Under UK copyright law, computer programmes are protected on the same basis as literary works, so whoever created the code owns the first copyright in it.
There is however one glaring exception – and that is if you created the code as part of your employment. In this case your employer may automatically own the copyright.
What if you are a freelance coder? Do you keep the copyright? Even if you have no explicit employment contract with the ‘client’, you may still be deemed to be an employee under employment law.
Factors in this decision include how long and how frequently you work for them, your payment terms and if you receive any holiday entitlement or allowances.
If you are planning to retain or share the copyright on computer software, as an employee, freelancer, contractor or joint venture partner, it is vital to have a legal agreement in place.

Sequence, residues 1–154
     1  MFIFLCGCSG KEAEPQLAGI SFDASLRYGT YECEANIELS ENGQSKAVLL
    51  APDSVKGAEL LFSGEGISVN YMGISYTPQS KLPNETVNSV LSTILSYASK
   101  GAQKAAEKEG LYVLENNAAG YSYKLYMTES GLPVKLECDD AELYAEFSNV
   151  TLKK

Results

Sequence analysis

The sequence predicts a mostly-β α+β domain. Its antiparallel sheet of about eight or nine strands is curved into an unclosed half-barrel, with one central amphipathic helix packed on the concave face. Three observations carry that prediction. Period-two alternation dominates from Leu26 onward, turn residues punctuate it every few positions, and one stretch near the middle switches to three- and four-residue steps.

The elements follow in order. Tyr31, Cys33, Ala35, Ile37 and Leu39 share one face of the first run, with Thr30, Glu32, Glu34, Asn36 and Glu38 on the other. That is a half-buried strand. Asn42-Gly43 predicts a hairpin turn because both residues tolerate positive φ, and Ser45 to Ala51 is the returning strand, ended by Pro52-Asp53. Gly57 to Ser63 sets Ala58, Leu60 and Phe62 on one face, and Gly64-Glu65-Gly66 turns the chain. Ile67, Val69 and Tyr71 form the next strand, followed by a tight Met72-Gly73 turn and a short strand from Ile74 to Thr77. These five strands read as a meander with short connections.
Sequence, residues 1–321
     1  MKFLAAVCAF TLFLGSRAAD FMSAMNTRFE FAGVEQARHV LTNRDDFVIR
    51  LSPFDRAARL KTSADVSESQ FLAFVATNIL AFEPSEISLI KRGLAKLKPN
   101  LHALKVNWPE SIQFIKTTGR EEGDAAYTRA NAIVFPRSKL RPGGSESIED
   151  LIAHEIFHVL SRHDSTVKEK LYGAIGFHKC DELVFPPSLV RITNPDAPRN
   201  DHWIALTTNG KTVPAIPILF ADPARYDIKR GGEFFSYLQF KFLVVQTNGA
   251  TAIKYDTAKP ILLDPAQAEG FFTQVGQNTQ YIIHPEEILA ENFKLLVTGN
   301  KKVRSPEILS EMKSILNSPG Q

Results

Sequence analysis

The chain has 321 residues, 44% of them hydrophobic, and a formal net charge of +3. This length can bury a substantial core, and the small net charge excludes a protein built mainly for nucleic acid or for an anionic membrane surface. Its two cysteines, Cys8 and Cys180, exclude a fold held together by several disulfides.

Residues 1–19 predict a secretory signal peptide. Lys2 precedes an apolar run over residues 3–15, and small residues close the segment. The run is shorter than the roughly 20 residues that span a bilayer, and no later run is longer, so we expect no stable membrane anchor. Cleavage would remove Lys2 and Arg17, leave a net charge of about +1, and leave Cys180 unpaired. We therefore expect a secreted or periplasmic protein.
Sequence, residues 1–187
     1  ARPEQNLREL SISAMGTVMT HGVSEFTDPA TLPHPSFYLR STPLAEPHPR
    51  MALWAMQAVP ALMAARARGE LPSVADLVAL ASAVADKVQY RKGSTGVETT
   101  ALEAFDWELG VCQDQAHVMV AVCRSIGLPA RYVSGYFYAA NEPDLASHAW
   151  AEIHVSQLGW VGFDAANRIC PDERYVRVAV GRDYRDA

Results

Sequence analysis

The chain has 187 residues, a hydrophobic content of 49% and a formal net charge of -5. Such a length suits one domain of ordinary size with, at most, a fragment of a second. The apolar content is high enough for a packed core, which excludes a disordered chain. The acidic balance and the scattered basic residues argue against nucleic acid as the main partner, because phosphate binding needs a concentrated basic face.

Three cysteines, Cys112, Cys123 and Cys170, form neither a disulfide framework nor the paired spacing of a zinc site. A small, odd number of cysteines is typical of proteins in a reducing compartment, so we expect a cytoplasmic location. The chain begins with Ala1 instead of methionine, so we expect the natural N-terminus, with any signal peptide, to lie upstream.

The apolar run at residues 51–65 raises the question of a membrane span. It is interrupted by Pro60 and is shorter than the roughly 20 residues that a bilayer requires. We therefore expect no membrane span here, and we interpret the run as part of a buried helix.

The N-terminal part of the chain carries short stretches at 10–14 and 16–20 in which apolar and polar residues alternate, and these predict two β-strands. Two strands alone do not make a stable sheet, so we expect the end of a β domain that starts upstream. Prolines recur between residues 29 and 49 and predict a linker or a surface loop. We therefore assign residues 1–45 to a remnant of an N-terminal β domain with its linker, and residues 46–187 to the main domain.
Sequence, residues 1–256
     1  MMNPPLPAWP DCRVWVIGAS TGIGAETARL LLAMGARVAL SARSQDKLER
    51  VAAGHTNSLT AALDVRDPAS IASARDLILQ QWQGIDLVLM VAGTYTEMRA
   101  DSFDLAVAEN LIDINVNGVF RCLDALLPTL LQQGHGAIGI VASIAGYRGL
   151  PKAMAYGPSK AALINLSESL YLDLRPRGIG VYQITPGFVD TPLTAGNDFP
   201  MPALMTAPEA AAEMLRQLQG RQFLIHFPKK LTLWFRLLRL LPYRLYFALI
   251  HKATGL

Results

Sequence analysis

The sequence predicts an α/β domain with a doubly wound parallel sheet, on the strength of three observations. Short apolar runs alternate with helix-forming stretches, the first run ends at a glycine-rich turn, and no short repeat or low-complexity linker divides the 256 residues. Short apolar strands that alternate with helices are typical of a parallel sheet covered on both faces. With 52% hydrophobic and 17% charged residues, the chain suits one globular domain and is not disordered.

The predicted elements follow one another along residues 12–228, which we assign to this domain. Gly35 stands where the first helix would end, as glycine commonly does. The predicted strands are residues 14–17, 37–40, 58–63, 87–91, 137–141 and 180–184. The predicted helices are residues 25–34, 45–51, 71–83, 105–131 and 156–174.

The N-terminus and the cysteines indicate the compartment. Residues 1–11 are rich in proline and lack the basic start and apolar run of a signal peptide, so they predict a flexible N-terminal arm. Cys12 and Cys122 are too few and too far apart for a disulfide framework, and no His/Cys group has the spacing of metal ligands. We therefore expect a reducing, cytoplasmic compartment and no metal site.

Trade mark registrations, oppositions and renewals
- advice on registering your company name or logo strengthening your brand
- transfers of title
- infringement and passing-off procedures
- revocation actions and challenges to validity
Patents and protection of inventions
- advice on registering your invention and protecting your know-how
Copyright and designs
- advice in relation to the protection and licensing of copyright and designs
- registration of design rights
Commercial agreements that will release the value of your IP
- advising developers, licensors and licensees
- joint ventures
- research and development
- data sharing
Confidence and trade secrets
- drafting of non-disclosure agreements
- taking injunctive action